The Unintended Effects of Ban-the-Box Laws on Crime
Ban-the-box (BTB) laws, which prevent employers from asking prospective employees about their criminal histories at initial job screenings, are intended to increase employment opportunities and reduce incentives for crime. This study is the first to comprehensively explore the relationship between BTB laws and arrests. Using data from the National Incident-Based Reporting System, we find that BTB laws are associated with a 16 percent increase in criminal incidents involving Hispanic male arrestees. This finding is supported by parallel analysis using the National Longitudinal Survey of Youth 1997 and is consistent with BTB-law-induced job loss due to employer-based statistical discrimination. We find less evidence that BTB laws increase property crime among African American men. Supplemental analyses from the American Community Survey suggest that barriers to welfare participation among Hispanic men may partially explain this result. Our estimates suggest that BTB laws generate approximately $350 million in additional annual crime costs.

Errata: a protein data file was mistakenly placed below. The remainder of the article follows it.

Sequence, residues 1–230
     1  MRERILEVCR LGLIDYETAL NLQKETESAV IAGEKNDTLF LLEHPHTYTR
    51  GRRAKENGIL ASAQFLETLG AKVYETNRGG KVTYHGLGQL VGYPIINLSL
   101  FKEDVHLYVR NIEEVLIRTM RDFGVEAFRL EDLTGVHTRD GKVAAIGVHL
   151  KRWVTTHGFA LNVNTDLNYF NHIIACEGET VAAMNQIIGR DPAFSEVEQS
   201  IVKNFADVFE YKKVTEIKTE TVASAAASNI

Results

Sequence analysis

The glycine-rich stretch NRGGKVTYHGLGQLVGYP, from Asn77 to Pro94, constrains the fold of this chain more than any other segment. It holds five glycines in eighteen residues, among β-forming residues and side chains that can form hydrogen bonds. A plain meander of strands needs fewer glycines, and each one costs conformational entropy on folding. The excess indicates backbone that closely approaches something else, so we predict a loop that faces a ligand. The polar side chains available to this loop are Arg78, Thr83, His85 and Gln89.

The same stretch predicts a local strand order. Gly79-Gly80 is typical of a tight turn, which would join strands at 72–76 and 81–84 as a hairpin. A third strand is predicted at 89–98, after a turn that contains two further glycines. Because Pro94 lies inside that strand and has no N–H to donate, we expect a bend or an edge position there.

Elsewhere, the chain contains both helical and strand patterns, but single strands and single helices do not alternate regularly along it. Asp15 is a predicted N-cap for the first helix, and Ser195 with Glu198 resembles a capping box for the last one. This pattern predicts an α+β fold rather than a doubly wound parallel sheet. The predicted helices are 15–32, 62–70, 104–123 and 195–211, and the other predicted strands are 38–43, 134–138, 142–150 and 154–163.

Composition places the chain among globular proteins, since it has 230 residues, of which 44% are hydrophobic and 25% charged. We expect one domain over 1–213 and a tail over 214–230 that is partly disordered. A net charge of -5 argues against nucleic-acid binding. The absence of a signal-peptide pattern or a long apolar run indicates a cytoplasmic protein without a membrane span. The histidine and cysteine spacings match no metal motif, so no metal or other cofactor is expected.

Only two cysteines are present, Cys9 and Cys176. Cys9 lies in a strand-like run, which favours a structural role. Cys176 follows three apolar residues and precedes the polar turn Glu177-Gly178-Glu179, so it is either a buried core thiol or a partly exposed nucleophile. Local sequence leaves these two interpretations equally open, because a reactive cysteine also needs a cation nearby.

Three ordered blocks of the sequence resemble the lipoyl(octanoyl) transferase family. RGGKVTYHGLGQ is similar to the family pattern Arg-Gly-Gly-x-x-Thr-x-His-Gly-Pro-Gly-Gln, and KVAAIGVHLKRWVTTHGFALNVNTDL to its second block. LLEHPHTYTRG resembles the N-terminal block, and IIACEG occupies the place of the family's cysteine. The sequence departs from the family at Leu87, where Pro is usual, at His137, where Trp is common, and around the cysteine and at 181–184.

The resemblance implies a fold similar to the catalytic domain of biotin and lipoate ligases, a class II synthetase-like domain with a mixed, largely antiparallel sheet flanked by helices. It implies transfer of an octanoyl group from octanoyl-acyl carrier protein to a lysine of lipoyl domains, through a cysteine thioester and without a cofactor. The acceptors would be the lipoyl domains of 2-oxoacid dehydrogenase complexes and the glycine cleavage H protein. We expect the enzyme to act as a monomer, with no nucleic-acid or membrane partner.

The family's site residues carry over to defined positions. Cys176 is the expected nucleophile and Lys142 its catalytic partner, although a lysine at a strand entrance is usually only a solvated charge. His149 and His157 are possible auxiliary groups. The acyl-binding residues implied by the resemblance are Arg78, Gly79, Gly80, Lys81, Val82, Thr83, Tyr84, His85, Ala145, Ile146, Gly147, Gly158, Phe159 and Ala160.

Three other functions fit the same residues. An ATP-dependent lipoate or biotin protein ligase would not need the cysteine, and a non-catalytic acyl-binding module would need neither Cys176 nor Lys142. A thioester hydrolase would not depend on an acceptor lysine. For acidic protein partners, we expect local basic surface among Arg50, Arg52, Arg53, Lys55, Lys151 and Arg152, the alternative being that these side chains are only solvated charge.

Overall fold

Sabia, Joseph J.; Nguyen, Thanh Tam; Mackay, Taylor; and Dave, Dhaval
"The Unintended Effects of Ban-the-Box Laws on Crime,"
Journal of Law and Economics: Vol. 64:
4, Article 5.
Available at: https://chicagounbound.uchicago.edu/jle/vol64/iss4/5